In one embodiment, the controller may be coupled to a user interface to allow a user to enter desired parameters for a particular process in accordance with the present invention. For example, a user interface may include a display and a keypad or other user input device (such as a touch screen display) to allow a user to input desired parameters in accordance with embodiments of the present invention.

While discussed above with regard to a FIB tool process, in other embodiments a laser or other physical etching process may be used.

While the number of shape patterns desired to complete a single feature may vary, in certain embodiments a high number (greater than ten) of box or circular patterns may be used. In such manner, a stepless and/or edgeless feature, such as a silicon trench may be formed in these embodiments. In other embodiments an optimal step resolution for a trench may be formed. As used herein the term “stepless” means a feature without a stair step appearance in a cross-sectional view. As used herein, the term “edgeless” describes the lack of any sharp corners, particularly at the top of the feature. In certain embodiments, a data array in accordance with the present invention may be calculated to be used in formation of a trench having a non-linear profile. Such a non-linear profile may provide for rounding off of corners of features.

Referring now to FIG. 3, shown is a cross section of a portion of a semiconductor device 200 in accordance with one embodiment of the present invention. As shown in FIG. 3, semiconductor device 200 may be formed on a substrate 210 which, in one embodiment may be a silicon substrate. The cross section of FIG. 3 is shown with the backside of the silicon substrate 210 facing upwards above layers forming the device. In certain embodiments, the device may be provided with controlled collapsible chip contact (C4) solder connections (not shown in FIG. 3), which connect the device to contact pads in a package substrate (also not shown in FIG. 3). As shown in FIG. 3, metal lines 240 may be formed on substrate 210. Further, a dielectric layer 250 may also be formed on the substrate 210. Additional layers of the semiconductor device, such as metal lines 260 and a final oxide layer 270 may also be formed on the substrate 210. It is to be understood that FIG. 3 shows generic layers of a semiconductor device and not any specific structure.

In accordance with embodiments of the present invention, a stepless and edgeless trench (generally at 215) may be formed on the backside of substrate 210. Such a trench may be formed for purposes of failure analysis, low yield analysis, fault isolation, or circuit editing, for example. A metal layer 220 may be deposited over trench 215 on the backside of substrate 210. In certain embodiments, metal layer 220 may be deposited using the FIB tool. Further, a dielectric layer 230 may be formed over metal layer 220 to insulate metal layer 220 as shown in FIG. 3. In other embodiments, trenches or other features may be formed during the fabrication of the semiconductor device.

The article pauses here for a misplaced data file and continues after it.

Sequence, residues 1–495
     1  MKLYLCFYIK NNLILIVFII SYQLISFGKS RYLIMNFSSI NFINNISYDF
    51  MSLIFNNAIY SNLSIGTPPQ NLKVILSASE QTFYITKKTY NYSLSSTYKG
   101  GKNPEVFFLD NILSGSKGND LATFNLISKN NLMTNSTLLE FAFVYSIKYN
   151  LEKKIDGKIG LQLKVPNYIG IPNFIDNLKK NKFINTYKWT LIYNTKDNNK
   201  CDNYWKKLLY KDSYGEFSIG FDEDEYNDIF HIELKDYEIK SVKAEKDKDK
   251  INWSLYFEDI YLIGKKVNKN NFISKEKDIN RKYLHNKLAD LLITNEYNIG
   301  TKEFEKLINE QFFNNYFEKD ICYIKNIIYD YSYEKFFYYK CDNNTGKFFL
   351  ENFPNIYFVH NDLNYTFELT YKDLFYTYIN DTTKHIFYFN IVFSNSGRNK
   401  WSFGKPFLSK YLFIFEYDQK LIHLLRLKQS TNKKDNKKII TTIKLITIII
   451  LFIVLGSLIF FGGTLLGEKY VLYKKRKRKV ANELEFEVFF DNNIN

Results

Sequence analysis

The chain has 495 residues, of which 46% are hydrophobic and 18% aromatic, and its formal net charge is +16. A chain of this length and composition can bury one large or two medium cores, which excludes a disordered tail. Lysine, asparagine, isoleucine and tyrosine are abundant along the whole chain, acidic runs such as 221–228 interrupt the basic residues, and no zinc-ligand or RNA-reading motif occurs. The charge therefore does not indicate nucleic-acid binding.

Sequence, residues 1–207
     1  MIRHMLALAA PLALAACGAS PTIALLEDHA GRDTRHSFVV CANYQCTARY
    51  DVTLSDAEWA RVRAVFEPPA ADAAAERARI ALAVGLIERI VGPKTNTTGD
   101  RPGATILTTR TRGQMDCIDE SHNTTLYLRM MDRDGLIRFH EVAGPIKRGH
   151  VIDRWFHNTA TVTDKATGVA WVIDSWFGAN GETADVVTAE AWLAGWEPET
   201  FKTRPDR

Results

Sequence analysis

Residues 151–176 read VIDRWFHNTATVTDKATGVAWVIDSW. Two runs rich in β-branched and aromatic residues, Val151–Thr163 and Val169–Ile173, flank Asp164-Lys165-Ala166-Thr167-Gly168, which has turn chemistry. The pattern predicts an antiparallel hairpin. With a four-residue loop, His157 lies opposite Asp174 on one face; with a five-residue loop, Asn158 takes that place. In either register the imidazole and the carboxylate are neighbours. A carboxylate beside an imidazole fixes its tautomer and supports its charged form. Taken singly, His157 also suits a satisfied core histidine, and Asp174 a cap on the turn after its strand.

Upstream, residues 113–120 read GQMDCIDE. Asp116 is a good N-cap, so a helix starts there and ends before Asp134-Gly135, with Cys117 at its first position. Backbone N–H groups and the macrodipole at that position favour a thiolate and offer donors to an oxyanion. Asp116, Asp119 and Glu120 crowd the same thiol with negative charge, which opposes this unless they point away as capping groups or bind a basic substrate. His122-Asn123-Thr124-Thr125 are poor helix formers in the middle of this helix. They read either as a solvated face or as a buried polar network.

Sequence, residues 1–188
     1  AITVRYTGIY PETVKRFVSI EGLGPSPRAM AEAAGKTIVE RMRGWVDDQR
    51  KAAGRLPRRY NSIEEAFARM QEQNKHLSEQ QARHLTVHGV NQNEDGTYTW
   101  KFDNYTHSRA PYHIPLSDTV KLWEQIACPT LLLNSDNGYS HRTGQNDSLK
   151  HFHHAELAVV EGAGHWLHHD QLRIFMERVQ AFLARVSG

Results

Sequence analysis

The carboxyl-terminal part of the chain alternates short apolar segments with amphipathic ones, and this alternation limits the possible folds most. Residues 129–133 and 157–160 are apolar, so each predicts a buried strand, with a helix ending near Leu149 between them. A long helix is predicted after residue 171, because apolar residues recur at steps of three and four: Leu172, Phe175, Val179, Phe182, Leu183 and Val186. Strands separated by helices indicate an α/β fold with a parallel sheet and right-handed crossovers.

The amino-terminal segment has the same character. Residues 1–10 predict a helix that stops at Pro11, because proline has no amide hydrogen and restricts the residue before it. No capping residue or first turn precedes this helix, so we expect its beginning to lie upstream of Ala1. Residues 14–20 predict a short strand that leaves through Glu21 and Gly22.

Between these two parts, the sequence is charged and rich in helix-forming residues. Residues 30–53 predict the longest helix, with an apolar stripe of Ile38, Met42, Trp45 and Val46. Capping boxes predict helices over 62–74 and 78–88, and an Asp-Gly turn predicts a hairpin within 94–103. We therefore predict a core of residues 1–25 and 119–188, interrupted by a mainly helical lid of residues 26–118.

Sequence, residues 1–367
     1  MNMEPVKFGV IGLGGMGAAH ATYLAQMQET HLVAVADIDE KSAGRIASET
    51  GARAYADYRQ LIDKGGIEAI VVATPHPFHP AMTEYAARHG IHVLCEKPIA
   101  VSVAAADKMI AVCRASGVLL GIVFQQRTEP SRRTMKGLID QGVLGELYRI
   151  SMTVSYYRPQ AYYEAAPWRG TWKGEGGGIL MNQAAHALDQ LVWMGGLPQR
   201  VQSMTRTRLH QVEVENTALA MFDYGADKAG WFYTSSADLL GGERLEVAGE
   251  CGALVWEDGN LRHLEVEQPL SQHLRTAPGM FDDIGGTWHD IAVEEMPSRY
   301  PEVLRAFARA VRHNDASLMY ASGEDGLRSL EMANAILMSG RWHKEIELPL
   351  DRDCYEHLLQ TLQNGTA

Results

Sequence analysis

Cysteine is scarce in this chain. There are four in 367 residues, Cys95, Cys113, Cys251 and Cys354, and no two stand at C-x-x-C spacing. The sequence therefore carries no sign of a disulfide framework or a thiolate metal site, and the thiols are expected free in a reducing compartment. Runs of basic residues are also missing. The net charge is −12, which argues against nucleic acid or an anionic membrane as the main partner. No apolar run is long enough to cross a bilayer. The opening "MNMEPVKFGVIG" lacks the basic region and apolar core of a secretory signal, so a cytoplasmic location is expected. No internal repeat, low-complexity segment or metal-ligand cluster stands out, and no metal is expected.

In certain embodiments, FIB-deposited metal resistance may be reduced, enabling higher frequency edits due to processing corners being eliminated and reduced line capacitance due to an increased opportunity to add depth to post-etch dielectric layers (e.g., dielectric layer 230).

While the present invention has been described with respect to a limited number of embodiments, those skilled in the art will appreciate numerous modifications and variations therefrom. It is intended that the appended claims cover all such modifications and variations as fall within the true spirit and scope of this present invention.

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Reference
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Referenced by
Citing PatentFiling datePublication dateApplicantTitle
US7554108May 3, 2006Jun 30, 2009Intel CorporationForming a semiconductor device feature using acquired parameters
US8222599Apr 15, 2009Jul 17, 2012Western Digital (Fremont), LlcPrecise metrology with adaptive milling
US8490211Jun 28, 2012Jul 16, 2013Western Digital Technologies, Inc.Methods for referencing related magnetic head microscopy scans to reduce processing requirements for high resolution imaging
Classifications
U.S. Classification438/18
International ClassificationH01L21/66, H01L21/00
Cooperative ClassificationH01L21/67253
European ClassificationH01L21/67S8B
Legal Events
DateCodeEventDescription
Sep 16, 2014FPExpired due to failure to pay maintenance fee
Effective date: 20140725
Jul 25, 2014LAPSLapse for failure to pay maintenance fees
Mar 7, 2014REMIMaintenance fee reminder mailed
Jan 20, 2010FPAYFee payment
Year of fee payment: 4
Feb 28, 2003ASAssignment
Owner name: INTEL CORPORATION, CALIFORNIA
Free format text: ASSIGNMENT OF ASSIGNORS INTEREST;ASSIGNORS:SCOTT, DANE L.;VASQUEZ, KEVIN J.;REEL/FRAME:013833/0226
Effective date: 20030227